Comments: 2 (Comments are now closed.)
Posted by Jon Gales -- July 2, 2003 12:17 PM

Maybe they are the first ones to make it official policy?

Posted by Andy -- July 2, 2003 01:38 PM

The rest of the sentence is the key part: that passengers will be allowed to use their cell phones after landing BEFORE they have arrived at the gate and the door has been opened.
So now, if you fly AA, you can phone your ride while the plane is taxiing, and not worry about the stewardess interrupting you (and 20 other cell phone users who couldn't wait to check their voice mail--even before it was "allowed" by policy) with a chastisement on the PA system.

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Sunday, June 22, 2003

Customer Courtesy

I hope some store managers (specifically, but not limited to, restaurants) are reading.

Start paying attention to where your selfish employees (or perhaps even your selfish selves) are parking. Way back when I worked at fast food restaurants, not parking in the back was grounds for termination. These days, it seems the spaces right next to the door are fair game for employees who, of course, arrive before the store opens, which means that those of us who are paying for those measly salaries, which are squandered on spiffy cars filling those spaces, have to trek all the way across parking lots, often in pouring rain (yes, it’s that time of year in Florida), to get inside.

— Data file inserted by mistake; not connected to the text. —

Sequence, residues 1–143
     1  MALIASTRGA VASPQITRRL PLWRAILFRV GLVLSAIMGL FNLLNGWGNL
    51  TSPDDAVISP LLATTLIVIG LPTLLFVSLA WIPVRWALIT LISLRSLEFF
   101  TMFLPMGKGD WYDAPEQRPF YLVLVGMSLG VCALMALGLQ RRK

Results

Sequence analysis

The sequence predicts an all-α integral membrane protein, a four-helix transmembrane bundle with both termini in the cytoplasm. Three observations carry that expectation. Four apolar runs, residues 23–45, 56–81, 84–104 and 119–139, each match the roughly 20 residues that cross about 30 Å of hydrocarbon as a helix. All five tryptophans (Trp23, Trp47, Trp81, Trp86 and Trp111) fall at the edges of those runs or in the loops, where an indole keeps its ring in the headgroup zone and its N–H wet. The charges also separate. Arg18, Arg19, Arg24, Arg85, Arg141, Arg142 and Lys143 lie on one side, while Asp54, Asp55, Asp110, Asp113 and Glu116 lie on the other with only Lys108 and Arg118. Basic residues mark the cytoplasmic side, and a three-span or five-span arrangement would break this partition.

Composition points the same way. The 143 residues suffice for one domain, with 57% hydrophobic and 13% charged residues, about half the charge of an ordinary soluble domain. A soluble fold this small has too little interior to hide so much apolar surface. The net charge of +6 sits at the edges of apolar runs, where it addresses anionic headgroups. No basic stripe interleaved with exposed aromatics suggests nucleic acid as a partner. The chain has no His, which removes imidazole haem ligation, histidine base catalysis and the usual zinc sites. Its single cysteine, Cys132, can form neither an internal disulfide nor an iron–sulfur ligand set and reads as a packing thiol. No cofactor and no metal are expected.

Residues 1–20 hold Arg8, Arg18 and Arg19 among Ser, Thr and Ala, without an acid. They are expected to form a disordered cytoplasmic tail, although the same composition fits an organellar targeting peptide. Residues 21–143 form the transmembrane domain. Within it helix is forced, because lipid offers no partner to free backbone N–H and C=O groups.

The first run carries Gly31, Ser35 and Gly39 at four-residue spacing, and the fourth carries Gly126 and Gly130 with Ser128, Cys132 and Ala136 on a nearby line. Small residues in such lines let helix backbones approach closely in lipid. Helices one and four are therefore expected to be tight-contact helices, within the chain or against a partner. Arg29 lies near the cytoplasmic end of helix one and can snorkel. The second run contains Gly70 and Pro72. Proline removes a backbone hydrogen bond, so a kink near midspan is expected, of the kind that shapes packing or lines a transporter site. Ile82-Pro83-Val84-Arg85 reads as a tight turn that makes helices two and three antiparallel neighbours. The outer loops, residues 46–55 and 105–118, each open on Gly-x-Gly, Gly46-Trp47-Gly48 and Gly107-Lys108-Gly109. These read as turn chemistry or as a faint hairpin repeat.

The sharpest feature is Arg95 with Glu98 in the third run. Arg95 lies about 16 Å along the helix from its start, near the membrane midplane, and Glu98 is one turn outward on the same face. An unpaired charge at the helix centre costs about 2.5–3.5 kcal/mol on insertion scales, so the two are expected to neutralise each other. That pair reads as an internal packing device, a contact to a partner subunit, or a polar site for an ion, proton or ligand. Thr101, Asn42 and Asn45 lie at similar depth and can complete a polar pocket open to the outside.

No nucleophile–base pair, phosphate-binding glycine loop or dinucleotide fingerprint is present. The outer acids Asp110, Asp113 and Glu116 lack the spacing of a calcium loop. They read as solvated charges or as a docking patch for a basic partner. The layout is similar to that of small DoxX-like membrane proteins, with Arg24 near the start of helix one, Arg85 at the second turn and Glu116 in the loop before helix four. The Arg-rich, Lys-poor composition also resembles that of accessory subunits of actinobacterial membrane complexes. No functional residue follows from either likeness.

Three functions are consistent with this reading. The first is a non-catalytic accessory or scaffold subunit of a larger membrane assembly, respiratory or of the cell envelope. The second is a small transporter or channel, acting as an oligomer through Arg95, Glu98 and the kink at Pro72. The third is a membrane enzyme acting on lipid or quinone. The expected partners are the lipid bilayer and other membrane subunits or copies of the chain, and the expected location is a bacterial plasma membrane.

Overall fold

Whoever drives that little red sports car (Mitsubishi, I think) with cocky Asian lettering on the windows and works at the Altamonte Springs Boston Market, I’m looking at you!!

Comments: 0 (Comments are now closed.)

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Tuesday, June 10, 2003

Buy a Watch, Will Ya?

If I have any readers who are familiar with U.S. law, I’d appreciate some input.

I don’t claim to be at all fluent with the specifics, but I know that there is a certain stretch in the day that is the only legal time for solicitation calls. I’m pretty sure it starts at 8 a.m. but I’m fuzzy on when it ends. One source said 5 p.m. which I know is wrong. Another colleague said 9 p.m., which seems about right.

Technically, it was not a solicitation call that came in at 7:03 this morning.